Dr Declan Barry, an Irish doctor working with Médecins Sans Frontières, says the Greek policy of cramming more than 8,000 people into a camp originally built to accommodate just 3,000 is having a “catastrophic” effect on people’s health. Having previously worked during the Ebola crisis as well as in Syria and Afghanistan, Barry describes the conditions in Moria as “the most profound suffering I’ve ever seen”.

More than 8,000 refugees live in the Moria camp on Lesbos, which was built to accommodate just 3,000. Photograph: Nicolas Economou/NurPhoto via Getty Images
More than 8,000 refugees live in the Moria camp on Lesbos, which was built to accommodate just 3,000. Photograph: Nicolas Economou/NurPhoto via Getty Images

Despite the huge emotional stress and physical exhaustion of crossing the Aegean Sea from Turkey to Greece, most asylum seekers are generally in good health when they arrive on Lesbos, Barry told The Irish Times. However, their condition rapidly deteriorates as soon as they are placed inside the camp.

“These are people who arrive as survivors of war, torture and rape but then they’re turned back into victims again. These are reactive conditions to the situations they’re in. It pushes people’s mental health to the extreme and they don’t have the resilience or support to deal with it.”

Sexual violence is a rapidly growing problem both inside and outside the camp although many women do not feel comfortable speaking to doctors about the abuse they experience, he adds. “There’s a lot of cultural barriers as to why a person won’t tell us what’s happened. Many Afghan women are reluctant to admit they have been raped repeatedly. Women also won’t seek help because they don’t want to leave their children alone in Moria.”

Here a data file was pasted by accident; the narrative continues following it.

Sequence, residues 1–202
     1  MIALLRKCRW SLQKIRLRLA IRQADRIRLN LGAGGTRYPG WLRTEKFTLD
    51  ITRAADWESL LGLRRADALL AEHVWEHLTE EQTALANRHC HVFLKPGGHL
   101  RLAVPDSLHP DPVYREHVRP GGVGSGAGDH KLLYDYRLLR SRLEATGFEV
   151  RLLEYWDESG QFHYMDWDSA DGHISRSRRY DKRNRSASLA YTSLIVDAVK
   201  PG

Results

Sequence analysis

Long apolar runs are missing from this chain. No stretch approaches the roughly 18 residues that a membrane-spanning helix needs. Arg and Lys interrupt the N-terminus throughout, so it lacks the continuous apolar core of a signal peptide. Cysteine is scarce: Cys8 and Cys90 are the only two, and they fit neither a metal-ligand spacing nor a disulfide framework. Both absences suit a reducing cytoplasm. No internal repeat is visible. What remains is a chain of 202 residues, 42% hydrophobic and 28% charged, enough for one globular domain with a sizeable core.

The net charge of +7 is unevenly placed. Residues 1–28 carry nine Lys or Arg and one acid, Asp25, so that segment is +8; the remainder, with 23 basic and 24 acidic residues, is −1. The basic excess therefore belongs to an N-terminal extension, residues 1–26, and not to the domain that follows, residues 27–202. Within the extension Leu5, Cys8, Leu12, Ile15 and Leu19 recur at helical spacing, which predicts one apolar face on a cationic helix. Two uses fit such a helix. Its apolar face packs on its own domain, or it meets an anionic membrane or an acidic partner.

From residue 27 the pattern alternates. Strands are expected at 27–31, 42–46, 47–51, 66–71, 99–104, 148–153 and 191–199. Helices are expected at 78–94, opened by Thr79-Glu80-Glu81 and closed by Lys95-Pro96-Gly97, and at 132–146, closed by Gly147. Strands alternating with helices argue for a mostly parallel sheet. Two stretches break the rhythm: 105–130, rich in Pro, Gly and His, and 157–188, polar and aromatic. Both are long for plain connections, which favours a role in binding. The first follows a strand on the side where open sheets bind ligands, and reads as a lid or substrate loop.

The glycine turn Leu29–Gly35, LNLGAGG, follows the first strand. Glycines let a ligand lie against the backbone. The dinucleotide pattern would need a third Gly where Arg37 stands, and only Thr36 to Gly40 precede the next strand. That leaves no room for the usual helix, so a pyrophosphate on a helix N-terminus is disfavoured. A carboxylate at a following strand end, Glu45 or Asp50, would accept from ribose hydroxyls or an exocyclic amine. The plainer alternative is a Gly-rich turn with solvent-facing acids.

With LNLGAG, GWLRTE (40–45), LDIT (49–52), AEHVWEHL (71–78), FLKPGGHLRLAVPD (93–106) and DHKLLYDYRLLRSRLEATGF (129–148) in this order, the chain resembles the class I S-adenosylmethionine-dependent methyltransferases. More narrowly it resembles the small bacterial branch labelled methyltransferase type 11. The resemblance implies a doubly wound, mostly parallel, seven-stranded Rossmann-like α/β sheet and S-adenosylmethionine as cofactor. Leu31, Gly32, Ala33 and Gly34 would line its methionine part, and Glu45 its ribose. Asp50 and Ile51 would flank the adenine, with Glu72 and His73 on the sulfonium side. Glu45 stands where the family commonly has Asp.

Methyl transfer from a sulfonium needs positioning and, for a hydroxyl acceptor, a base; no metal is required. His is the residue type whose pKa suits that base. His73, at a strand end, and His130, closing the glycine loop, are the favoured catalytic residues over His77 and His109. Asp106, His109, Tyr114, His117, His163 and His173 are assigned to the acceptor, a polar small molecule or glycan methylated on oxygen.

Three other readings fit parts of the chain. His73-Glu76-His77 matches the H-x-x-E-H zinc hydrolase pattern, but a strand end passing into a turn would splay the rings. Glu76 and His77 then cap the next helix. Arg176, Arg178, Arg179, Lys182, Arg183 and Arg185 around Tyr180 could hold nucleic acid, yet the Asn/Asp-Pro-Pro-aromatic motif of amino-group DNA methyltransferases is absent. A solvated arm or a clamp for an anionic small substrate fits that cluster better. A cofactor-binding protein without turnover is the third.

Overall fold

Harassment

Sonia Andreu, who works with the Swiss-run Bashira outreach centre for women in Lesbos, says women who live in the main mixed-gender section of Moria are experiencing harassment on a daily basis. An average of 400 women visit the Bashira centre each week looking for safety and legal advice, she says. Most of the women are from Afghanistan but the centre also works with Iraqi Kurds and Syrians as well as women from Cameroon, Uganda and Nigeria.

While some women live in the protected female section of the camp, most women with families are crammed into the main campsite. “It means women who are experiencing sexual violence have to live with the perpetrators, there’s nowhere else for them to go,” says Andreu.

Women who give birth to babies in the local hospital are sent back to the camp within three days of childbirth, she says. “There’s a high possibility of catching an infection. You cannot have babies living in these tents. The dirt, the smell, the heat, the snakes, the spiders – I’ve seen videos with spiders bigger than my hand in tents with babies.”

Andreu says numbers in the camp are rapidly increasing despite promises by the Greek government to decongest the camp and move people to the mainland. Giannis Balpakakis, head of the Lesbos Reception and Identification Centre which manages the Moria camp, says extra tents have been used to deal with overcrowding and that there is a separate area to house more vulnerable residents.

“As for health and safety concerns, we take all the necessary measures with the doctors and police,” he told The Irish Times.

However, Barry, who has been working on Lesbos since November 2016, says the camp is clearly failing to comply with health and safety standards laid out by the EU. “There is a responsibility and duty to make sure these people are held in dignified and protected camps with access to healthcare and due process for their asylum claims. None of that is being provided. The policy of containment is catastrophic to people’s health.” – Additional reporting: Reuters